The mathematician laughs. "Yeah, right -- how likely is THAT to happen?"



Anti-gravity??

Thu, 29 Nov 2001 23:17:53 GMT

December is the month for reading. Have people made progress on the first article for this group. I've run across a few books which work through using Clifford Algebras for E&M and Mechanics. I just ordered one from Amazon.com - it's Causality, Electromagnetic Induction, and Gravitation: A Different Approach to the Theory of Electromagnetic and Gravitational Fields, 2nd edition by Oleg D. Jefimenko.

The book's summary includes: One of the most important consequences of the causal gravitational equations is that a gravitational interaction between two bodies involves not one force (as in Newton's theory) but as many as five different forces corresponding to the five terms in the two retarded gravitational and cogravitational field integrals. These forces depend not only on the masses and separation of the interacting bodies, but also on their velocity and acceleration and even on the rate of change of their masses. A series of illustrative examples on the calculation of these new forces is provided and a graphical representation of these forces is given. The book concludes with a discussion of the possibility of antigravitation as a consequence of the negative equivalent mass of the gravitational field energy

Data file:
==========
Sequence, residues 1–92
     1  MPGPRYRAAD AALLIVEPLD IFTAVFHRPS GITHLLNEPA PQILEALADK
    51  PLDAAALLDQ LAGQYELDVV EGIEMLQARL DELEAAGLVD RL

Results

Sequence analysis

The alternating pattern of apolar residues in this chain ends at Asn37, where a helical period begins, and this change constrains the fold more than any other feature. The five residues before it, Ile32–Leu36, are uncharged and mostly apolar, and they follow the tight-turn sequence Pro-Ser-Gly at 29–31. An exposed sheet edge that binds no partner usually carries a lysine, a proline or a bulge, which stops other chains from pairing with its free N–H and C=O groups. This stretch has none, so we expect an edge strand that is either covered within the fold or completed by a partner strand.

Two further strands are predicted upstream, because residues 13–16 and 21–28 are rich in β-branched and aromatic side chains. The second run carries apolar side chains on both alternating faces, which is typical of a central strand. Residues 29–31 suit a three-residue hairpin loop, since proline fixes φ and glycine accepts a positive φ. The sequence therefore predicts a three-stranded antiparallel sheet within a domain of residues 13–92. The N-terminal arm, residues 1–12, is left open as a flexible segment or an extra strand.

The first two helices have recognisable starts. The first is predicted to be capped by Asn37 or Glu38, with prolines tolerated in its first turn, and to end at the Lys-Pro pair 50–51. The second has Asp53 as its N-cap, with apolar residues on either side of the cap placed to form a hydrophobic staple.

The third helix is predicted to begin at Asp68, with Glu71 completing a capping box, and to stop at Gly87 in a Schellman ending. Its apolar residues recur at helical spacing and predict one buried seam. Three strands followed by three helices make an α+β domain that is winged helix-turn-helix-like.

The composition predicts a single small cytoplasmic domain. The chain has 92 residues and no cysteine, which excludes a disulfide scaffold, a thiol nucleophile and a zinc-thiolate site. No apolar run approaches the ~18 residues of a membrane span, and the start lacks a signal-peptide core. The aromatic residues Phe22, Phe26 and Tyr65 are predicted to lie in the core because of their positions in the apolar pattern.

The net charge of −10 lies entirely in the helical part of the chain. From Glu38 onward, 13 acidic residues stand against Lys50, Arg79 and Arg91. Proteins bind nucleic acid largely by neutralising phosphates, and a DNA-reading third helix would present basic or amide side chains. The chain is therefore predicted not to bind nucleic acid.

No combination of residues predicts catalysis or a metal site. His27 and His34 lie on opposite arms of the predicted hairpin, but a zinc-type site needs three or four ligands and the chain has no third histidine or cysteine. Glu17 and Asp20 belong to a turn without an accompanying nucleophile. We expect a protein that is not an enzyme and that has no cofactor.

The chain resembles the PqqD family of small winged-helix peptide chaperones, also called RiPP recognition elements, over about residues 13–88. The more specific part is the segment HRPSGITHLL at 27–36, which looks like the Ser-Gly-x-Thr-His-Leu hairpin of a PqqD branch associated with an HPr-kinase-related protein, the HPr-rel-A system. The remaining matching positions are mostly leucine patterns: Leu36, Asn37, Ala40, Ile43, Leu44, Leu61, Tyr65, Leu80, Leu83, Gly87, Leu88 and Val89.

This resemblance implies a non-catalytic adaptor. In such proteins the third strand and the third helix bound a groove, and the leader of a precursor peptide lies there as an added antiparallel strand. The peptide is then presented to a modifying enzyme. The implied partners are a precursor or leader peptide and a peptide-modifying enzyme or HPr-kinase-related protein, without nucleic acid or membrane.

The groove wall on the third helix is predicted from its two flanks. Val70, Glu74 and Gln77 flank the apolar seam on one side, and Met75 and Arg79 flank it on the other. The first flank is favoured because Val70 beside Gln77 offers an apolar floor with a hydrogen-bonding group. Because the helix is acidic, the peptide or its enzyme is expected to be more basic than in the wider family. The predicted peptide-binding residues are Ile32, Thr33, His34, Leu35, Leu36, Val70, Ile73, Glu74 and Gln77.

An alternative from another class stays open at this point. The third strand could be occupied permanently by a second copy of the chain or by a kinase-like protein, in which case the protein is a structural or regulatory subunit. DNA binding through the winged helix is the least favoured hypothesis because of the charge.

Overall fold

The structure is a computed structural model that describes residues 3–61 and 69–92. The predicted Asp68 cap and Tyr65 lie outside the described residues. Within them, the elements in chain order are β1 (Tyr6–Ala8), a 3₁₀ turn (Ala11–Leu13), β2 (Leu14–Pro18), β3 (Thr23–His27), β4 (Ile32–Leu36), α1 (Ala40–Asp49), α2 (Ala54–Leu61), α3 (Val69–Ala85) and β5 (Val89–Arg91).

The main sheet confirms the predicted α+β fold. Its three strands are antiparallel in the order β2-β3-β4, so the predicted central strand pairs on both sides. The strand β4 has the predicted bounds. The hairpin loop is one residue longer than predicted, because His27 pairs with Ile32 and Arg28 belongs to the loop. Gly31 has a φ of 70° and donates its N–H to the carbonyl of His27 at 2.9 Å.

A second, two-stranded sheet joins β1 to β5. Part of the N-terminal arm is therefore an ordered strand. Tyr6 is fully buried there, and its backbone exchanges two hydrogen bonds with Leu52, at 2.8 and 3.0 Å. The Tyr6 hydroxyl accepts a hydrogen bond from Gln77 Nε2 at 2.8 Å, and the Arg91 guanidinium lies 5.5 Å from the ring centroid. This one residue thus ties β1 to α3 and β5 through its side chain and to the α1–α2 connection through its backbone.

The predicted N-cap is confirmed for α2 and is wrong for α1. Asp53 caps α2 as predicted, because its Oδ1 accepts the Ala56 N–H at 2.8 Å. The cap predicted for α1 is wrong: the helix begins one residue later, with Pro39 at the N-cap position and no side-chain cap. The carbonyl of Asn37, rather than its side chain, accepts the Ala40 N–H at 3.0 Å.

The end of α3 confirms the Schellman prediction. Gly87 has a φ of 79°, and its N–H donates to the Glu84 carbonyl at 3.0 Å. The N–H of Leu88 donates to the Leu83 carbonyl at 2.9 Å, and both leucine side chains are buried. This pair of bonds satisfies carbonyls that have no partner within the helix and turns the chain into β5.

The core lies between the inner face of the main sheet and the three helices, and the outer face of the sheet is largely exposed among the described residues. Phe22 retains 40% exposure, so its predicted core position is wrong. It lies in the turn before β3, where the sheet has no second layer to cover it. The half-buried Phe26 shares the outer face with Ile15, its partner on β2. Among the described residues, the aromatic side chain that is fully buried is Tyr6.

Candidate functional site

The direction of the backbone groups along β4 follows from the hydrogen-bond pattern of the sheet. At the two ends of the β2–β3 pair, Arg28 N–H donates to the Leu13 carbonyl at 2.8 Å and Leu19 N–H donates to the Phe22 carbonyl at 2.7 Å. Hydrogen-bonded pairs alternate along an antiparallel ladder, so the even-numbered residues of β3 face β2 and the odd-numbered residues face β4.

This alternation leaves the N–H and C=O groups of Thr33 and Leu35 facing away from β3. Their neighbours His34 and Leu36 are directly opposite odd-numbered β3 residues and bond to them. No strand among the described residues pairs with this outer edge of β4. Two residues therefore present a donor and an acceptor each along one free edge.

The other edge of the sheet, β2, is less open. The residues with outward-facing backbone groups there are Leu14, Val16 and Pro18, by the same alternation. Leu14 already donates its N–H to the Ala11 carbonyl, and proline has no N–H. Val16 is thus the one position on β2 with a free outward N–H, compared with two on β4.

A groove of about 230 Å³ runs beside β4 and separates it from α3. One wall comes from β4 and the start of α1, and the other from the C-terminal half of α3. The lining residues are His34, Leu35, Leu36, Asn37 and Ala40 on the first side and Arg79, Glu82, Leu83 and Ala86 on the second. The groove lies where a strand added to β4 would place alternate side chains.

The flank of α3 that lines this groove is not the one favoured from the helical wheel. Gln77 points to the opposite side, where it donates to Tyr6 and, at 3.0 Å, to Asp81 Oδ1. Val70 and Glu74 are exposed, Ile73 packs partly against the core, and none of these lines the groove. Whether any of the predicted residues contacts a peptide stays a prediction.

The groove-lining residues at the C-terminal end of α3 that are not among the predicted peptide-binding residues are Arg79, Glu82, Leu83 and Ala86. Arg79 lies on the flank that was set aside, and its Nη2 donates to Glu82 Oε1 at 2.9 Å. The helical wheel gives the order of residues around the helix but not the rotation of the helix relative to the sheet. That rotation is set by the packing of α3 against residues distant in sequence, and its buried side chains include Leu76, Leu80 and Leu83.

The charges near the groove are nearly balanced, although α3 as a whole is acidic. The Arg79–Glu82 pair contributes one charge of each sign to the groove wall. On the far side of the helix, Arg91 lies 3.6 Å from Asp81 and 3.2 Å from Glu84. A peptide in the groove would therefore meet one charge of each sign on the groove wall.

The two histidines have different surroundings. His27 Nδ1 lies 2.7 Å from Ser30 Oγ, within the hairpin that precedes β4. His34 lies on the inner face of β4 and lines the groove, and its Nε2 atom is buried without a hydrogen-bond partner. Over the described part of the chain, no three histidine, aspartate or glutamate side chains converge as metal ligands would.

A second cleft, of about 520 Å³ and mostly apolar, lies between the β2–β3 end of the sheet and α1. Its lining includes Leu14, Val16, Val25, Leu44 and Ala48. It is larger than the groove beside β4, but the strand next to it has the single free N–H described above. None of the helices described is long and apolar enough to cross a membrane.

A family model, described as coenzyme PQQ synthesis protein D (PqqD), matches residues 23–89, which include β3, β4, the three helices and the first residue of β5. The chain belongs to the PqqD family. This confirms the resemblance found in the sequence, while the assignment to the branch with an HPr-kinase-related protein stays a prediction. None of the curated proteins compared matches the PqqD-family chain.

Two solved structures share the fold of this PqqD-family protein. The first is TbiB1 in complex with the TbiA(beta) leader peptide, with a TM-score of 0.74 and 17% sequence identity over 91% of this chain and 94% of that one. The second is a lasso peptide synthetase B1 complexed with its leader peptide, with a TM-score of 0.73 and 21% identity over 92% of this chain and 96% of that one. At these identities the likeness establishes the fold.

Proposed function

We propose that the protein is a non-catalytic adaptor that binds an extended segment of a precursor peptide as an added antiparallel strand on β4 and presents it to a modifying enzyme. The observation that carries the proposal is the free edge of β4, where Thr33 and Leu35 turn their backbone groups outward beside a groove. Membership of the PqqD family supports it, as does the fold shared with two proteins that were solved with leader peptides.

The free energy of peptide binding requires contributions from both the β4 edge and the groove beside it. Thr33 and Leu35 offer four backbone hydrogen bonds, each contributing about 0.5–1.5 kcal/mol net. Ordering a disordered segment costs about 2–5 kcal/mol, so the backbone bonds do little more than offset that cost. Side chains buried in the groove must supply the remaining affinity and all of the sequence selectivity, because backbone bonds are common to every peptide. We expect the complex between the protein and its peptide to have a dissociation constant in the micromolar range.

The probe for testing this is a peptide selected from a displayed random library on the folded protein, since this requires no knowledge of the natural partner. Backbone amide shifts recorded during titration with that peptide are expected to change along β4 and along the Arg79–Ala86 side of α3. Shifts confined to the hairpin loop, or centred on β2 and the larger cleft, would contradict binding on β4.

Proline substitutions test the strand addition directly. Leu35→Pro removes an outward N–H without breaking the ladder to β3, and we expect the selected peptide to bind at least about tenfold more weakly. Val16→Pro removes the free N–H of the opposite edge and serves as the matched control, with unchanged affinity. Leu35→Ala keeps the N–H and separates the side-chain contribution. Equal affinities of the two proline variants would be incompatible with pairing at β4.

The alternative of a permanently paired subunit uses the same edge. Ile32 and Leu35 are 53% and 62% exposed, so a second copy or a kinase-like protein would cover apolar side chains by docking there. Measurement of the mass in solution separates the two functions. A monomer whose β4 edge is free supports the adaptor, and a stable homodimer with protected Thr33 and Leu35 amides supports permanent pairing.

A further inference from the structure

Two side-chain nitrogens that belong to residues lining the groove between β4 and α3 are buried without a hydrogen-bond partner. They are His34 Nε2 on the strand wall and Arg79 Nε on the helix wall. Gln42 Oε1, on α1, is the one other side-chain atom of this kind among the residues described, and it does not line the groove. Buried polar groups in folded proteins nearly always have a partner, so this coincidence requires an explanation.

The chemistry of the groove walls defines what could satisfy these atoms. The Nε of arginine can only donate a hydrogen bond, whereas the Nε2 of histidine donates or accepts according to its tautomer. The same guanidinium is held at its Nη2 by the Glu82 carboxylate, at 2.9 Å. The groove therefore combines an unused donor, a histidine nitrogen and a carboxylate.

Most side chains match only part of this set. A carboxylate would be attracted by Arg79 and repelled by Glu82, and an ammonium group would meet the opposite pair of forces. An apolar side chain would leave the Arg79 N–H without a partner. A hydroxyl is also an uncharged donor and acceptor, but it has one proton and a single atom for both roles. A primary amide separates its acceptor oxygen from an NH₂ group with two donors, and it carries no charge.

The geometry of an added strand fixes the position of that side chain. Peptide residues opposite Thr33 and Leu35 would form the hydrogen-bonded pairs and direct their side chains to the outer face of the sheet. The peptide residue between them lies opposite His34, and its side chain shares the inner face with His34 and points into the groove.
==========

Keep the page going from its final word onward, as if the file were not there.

Is this a bunch of 'hooey' or what?? The additional effects of gravitation should be observable in several high-mass astronomy examples (neutron star orbits, black hole accretion, et cetera). Does this help to explain the missing mass problem?

Comments??






Great!!

Wed, 31 Oct 2001 18:58:05 GMT

Thanks Pat. Things have been pretty busy here with my quest for a new apartment. I'm glad you've greated this group.



Reading material of interest....

Wed, 31 Oct 2001 17:08:09 GMT

So, what books out there best present Geometric Algebras?

I first discovered them from Pertti Lounesto's book
Clifford Algebras and Spinors

I love this book. The exercises in it are really useful in developing
a comfort with the algebras. They also make a point of demonstrating
some of the common stumbling points that the author has seen repeated
over and over in published papers.



Welcome...

Wed, 31 Oct 2001 16:25:58 GMT

This livejournal evolved out of the Yahoo!Club sofiabookclub.

The suggestion there was to start with Hestenes' paper on Geometric
Algebra:
http://modelingnts.la.asu.edu/pdf/NFMPchapt1.pdf

That paper is a good introduction to Geometric Algebras. Let's discuss.